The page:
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EdgeQ demos IC for base stations, PCIe card for Open RAN

Configurable silicon lets hardware run as a 4G/5G radio through to digital baseband at layer 3.

In Q3 2021, EdgeQ announced that it was developing a “base station on a chip” that uses software-configurable silicon for 4G and 5G macro cells and small cells. In June 2022, the company began demonstrating the technology at its Silicon Valley facility. 5G Technology World spoke with EdgeQ’s Adil Kidwai about the company’s progress.

edgeq demos ic for base stations pcie card for open ran

Adil Kidwai, EdgeQ

EdgeQ’s recent announcement covers the silicon itself and a PCIe card containing two EdgeQ devices. The silicon appeals to designers designing macro cells and small cells. Use cases for EdgeQ’s silicon include routers, outdoor fixed internet-access points, and small cells. Applications range from private networks to datacenters. EdgeQ’s silicon uses software configuration as opposed to dedicated hardware. The silicon performs all functions of a base station from 5G and 4G radios to packet processing, scheduling, and beamforming. The silicon includes software from EdgeQ that lets it perform Layer-1 RF and baseband functions. L2/L3 stacks come from partners.

edgeq demos ic for base stations pcie card for open ran 1

Figure 1. When running as a base station, EdgeQ’s silicon connects to a 5G core network.

“The silicon is malleable and reformable,” said Kidwai. “It can function as macro cells and small cells; our hardware can do either.” The demo currently running operates as a 4×4 5G small cell connected to a 5G core network (Figure 1). In the demo, the silicon connects to a cell phone.

EdgeQ’s prime customers are cellular operators and owners of private networks. “We work with third-party OEM partners to develop the box but we work with the end user as well,” said Kidwai. For base-station designers, EdgeQ provides a reference design board. Over time, the company expects engineers to design other products around EdgeQ’s silicon, particularly for use in private networks that need specialized wireless access.

Engineers specify the features of the silicon at time of order. You get the full feature set but only those functions paid for are activated. The silicon is field upgradable with a software key. Thus, you can, for example, start with a 4G-capable device and upgrade to 5G later.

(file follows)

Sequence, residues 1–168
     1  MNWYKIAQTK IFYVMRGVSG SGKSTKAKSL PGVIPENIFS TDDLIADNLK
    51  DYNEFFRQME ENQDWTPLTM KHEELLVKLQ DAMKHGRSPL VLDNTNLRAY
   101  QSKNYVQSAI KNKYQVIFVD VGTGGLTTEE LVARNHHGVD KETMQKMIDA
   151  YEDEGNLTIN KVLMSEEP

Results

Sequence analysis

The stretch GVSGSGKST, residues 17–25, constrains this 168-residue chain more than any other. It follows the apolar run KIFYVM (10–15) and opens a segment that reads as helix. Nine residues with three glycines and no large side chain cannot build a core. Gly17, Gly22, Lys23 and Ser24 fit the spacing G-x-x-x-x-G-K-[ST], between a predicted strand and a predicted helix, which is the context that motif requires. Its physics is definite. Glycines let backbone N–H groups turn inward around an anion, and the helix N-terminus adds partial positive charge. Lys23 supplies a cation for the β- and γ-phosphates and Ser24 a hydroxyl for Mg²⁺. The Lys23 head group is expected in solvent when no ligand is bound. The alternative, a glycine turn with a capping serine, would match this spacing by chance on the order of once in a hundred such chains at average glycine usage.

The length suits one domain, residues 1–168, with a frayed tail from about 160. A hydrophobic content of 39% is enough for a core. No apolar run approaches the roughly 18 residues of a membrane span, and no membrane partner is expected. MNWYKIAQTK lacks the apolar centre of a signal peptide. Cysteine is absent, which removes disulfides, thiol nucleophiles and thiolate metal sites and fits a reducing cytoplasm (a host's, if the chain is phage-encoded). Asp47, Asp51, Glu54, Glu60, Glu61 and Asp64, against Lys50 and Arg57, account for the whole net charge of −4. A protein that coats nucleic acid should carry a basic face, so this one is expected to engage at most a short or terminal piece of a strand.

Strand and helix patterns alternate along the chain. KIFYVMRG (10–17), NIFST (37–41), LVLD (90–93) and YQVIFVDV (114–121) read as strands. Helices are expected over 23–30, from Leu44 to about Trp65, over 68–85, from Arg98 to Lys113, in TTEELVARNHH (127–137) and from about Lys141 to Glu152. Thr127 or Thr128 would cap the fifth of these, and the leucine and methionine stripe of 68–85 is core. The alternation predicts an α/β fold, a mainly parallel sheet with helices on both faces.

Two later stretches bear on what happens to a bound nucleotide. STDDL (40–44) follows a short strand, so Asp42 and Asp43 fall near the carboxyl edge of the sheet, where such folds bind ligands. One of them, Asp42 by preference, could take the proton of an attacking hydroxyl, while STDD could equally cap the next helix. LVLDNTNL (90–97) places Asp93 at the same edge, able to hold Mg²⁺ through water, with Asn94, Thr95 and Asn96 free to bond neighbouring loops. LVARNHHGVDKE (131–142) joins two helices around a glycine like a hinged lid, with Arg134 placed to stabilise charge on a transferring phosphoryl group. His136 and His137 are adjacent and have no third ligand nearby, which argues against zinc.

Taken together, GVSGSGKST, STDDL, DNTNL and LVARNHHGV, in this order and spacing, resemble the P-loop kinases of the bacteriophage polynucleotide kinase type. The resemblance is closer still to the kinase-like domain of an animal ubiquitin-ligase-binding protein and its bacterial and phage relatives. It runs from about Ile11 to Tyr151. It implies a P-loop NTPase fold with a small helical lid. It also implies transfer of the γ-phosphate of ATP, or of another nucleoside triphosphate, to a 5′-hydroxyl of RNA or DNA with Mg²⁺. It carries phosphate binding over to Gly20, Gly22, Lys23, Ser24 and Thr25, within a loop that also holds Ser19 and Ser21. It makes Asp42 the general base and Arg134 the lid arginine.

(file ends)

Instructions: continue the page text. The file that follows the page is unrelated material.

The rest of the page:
EdgeQ has also demonstrated its configurable silicon on a PCIe card. In that configuration, the card provides 2.2 Gb/sec Ethernet using eCPRI protocols for operating as an OpenRAN, O-RAN compliant radio unit (RU) and distribution unit (DU). Running inside a COTS PC, the card turns the PC into an O-RAN compliant RU server. The card also operates as an RU accelerator.

The PCIe card contains two EdgeQ chips. It’s configurable to run using any of the O-RAN functional splits, from Option 1 to Option 8 though most applications use Option 7.2. When running Option 1, the RU, DU, and centralized unit (CU) reside in a single chip. The radio within EdgeQ’s silicon can run at 256QAM over sub-6 GHz (FR1) frequencies.

EdgeQ Open RAN application

Figure 2. EdgeQ’s base sataion on a chip also operates on a PCIe card for Open RAN applications.

When operating as a macro cell, the PCIe board functions as an RU accelerator running 4G and 5G physical layer (Figure 2). It then runs L2 software at 2.2 Gb/sec and an eCPRI interface at option 7.2. So, chip can be a small cell or anything through a DU server that’s O-RAN compliant.

The problem with software-configurable silicon,” said Kidwai, “is that it always uses more power than dedicated hardware. We broke that belief.” According to Kidwai, the EdgeQ silicon consumes less than 20 W of power.

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